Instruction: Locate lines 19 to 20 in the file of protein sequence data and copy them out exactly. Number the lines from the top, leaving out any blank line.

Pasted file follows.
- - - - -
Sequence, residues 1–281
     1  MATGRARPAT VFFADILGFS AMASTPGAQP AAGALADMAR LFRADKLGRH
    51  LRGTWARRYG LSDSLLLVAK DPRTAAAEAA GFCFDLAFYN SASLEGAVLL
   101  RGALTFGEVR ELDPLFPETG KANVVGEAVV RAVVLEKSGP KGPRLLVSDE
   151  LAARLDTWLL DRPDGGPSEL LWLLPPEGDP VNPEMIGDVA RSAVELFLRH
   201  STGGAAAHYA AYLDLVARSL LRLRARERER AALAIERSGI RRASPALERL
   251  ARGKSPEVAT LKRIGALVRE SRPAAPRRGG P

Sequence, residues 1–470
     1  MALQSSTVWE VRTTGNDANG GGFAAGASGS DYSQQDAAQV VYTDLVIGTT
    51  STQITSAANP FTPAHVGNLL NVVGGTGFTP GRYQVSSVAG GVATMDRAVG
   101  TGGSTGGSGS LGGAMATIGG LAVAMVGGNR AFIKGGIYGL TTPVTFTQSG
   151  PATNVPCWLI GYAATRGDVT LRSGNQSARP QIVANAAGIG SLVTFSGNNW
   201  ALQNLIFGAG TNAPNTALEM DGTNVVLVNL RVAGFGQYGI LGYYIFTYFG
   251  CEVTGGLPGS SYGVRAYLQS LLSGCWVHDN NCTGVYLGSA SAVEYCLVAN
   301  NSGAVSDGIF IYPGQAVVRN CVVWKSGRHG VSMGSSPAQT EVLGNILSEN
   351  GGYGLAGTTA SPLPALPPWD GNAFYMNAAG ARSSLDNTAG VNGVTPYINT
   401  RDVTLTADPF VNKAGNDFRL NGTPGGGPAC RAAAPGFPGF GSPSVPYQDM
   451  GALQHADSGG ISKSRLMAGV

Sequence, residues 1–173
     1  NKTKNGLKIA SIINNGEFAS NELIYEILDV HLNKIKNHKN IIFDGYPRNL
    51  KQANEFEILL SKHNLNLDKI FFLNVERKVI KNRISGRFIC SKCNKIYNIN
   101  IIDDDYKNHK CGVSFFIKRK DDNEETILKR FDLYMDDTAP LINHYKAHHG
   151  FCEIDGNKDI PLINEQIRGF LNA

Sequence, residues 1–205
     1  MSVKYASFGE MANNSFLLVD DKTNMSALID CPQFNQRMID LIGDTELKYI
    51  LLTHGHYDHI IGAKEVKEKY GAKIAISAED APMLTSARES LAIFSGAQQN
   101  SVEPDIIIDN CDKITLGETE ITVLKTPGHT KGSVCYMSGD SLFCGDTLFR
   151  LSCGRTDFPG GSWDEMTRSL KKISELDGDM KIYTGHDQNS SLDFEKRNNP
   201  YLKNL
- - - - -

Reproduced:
Sequence, residues 1–173
     1  NKTKNGLKIA SIINNGEFAS NELIYEILDV HLNKIKNHKN IIFDGYPRNL